Alec Shuttleworth stands in the doorway of his cycle shop in Campbell Street, Keighley
A founder member of the Keighley Motor Club, Alec Shuttleworth opened Tanfield Garage in nearby North Street in 1912, using Keighley’s first swing-arm petrol pumps. Subsequently trading as The Alworth Cycle Company, he built his own brand of Alworth Cycles in a workshop above these premises. With his mechanic William Hill, he patented the Tri-Velox gear in 1931, which was manufactured by the Triumph Cycle Co under licence.
In 1944, while working on precision engineering at Cottingley during the war, he sold out to Messrs Knowles and Sutcliffe, who had earlier taken over the Tanfield Garage. Alec Shuttleworth died aged 79 at Shipley in 1971.
1936 Alworth ‘Family Triplet’ Tandem
Frame size: Front 20″; Middle 20″; Rear 18″
Cars were too expensive for most familes in the north of England in the 1930s. Tandems – often fitted with a small sidecar for a child – were a popular means of transportation, in particular to the seaside for a summer holiday. Alec Shuttleworth developed his ‘Family Triplet’ for tandem-owning families whose child had grown too big for the sidecar but were not yet old enough to ride their own bicycle long-distance. The triplet tandems were built to order and, as the child grew, longer rear cranks could be fitted to bring the rear frame size up to the equivalent of a 20 inch.
With a shortage of new cars and motorcycles after World War 2 – they were all exported to bring in foreign exchange to repay the American war debt – tandems were dusted off and used again. But by the late fifties most cycling families had replaced their tandems with motorcycle combinations or cars. Probably due to their size – the Alworth Triplet is 9ft long – few have survived. This survivor is in excellent original unrestored condition.
ALWORTH CYCLE CO
Tanfield Garage was located in Keighley at number 121, Skipton Road (now North Street), and owned by Alec Shuttleworth (1892-1971). Alec first went into business on the site in about 1912 when it was known locally as Dewhirst’s Cycle Store. However his major interest lay in cars and motorcycles and so he eventually expanded the premises into a neighbouring property and transformed the business into Tanfield Garage. The bicycle side of the business was retained, but only in a relatively minor way.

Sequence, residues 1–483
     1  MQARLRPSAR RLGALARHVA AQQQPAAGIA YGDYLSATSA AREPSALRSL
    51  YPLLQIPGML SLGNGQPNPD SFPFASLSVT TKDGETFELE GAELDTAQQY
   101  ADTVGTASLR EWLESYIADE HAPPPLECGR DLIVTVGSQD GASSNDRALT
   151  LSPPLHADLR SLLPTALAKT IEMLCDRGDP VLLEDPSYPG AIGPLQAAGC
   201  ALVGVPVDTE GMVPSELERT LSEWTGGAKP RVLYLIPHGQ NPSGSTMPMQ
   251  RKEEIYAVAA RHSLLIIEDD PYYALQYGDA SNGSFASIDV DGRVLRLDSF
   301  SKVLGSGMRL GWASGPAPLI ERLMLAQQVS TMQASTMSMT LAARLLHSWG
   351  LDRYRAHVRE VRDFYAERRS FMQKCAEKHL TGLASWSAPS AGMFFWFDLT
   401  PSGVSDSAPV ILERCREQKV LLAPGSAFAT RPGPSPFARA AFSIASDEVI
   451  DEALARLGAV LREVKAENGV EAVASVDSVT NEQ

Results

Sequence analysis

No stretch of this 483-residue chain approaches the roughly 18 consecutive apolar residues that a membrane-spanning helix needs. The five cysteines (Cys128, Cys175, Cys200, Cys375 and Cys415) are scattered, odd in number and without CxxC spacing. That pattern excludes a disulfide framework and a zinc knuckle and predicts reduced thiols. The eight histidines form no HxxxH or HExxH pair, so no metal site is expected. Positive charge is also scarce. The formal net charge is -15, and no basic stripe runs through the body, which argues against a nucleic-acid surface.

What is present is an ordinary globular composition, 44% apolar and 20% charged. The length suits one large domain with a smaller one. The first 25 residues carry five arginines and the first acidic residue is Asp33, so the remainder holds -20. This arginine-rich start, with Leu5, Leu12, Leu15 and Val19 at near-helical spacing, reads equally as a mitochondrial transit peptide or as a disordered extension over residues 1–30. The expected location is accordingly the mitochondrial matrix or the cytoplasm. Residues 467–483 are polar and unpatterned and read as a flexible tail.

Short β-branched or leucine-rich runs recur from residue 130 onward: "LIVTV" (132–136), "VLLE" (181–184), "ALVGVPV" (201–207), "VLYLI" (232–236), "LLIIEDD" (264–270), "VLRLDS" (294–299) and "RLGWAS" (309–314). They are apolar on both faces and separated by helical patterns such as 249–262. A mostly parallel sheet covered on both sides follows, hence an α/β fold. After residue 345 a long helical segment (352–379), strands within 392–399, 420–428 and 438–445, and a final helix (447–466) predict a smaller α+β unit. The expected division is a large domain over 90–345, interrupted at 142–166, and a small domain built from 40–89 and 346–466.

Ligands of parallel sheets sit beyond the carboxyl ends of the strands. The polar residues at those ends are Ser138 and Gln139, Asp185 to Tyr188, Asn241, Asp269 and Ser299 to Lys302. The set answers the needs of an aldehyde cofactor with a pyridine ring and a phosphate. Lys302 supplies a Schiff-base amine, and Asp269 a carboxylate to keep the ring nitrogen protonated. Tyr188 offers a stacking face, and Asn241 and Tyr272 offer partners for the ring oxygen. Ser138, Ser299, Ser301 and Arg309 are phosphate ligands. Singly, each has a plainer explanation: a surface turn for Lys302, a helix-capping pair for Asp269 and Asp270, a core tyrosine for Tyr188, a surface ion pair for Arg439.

In early 1928 William Hill (1904-1994) began working at the garage as a mechanic. Unlike Alec Shuttleworth, Bill was a keen cyclist. He had started ‘serious’ cycling when he was about twelve years old and by 1928 had been a member of Barnoldswick Clarion Cycling Club, a club founded by his father Harry Hill, for about six years.
In the mid-1920s William Hill had taken a job as a mechanic in the cycle shop in Settle that later evolved into Settle Cycles: and it was during his time in Settle that he met his future wife, Nellie Bullock. Not long after meeting Nellie, Bill decided to purchase a tandem and introduce her to the world of cycling. However he soon began to find the work in Settle rather stale, so he answered a newspaper advertisement for a mechanic at a motorcycle business in Coventry. To his surprise he got the job. This led to him commuting by motorcycle between Coventry and Settle at the weekends.
During one such visit to Settle, as he and Nellie were taking their tandem over Bowland Knotts, Bill decided there was ‘nowt like this in Warwickshire’ and made the decision to move back north. Passing through Keighley on his return journey to Coventry he stopped for petrol at Tanfield Garage. He got into conversation with Alec Shuttleworth and plucked up the courage to ask him for a job. Alec asked him what he could do and Bill told him he was a motorcycle and bicycle mechanic. Once again, he got the job!
Bill and Nellie married in Keighley in 1930 and continued to ride their tandem at weekends. During one Sunday ride in Ribblesdale, to the north of Settle, they saw a tandem parked at the entrance to the track that leads to Alum Pot, near Selside. They stopped to examine the machine and Bill saw it was fitted with one of the three-speed, Cyclo derailleurs that were then being imported into the UK from France.
Bill decided he did not like the out-of-line chain, particularly on a tandem, and he resolved at that moment to develop a gear which would keep the chain in line. In December 1984, the day after his 80th birthday, Bill spoke to his nephew, Melvyn Hirst about how he developed the in-line, moving sprocket derailleur that evolved into the TriVelox Gear.
It is clear from the company names on the photograph of Tanfield Garage, and the photograph of Alec Shuttleworth, in holiday mode, standing on what is possibly a Triumph car, that Shuttleworth had connections to the Triumph Company in Coventry. Furthermore, the patent application for the gear was drafted by the Coventry firm of patent agents, Walford & Hardman Brown, which did patent work for Triumph. It must be the case, therefore, that Shuttleworth had come to an arrangement with Triumph for the company to manufacture the gear, under licence, in Coventry: and no doubt it was a happy coincidence that ‘Tri’ applied not only to the number of sprockets the gear catered for, but also to the first three letters of the Triumph company name.
[The above article was researched and written by Melvyn Hirst, and is published on his excellent Tri-velox website. A direct link to the website can be found at the bottom of the page]
1939 TRIUMPH CATALOGUE EXTRACT
The article and photo of Alec Shuttleworth and photo of him in his shop doorway (at the top of the page) with thanks to Keighley News –
Melvyn Hirst’s article and photos with thanks to – http://trivelox.cambrianmoons.com/tanfield.htm
The scan of the Tri-velox gear patent copyright Michael Sweatman at Disraeli Gears –